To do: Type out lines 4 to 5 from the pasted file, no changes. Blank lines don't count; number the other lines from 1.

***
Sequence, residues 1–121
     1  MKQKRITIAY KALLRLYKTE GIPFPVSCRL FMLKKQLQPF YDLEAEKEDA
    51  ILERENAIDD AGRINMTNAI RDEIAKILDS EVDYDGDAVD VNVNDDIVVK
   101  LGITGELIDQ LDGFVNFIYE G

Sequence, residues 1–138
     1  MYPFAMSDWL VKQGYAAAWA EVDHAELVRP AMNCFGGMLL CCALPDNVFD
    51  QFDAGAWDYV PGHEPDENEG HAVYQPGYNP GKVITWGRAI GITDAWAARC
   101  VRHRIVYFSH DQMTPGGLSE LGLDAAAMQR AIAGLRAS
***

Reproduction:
   101  LGITGELIDQ LDGFVNFIYE G

Sequence, residues 1–138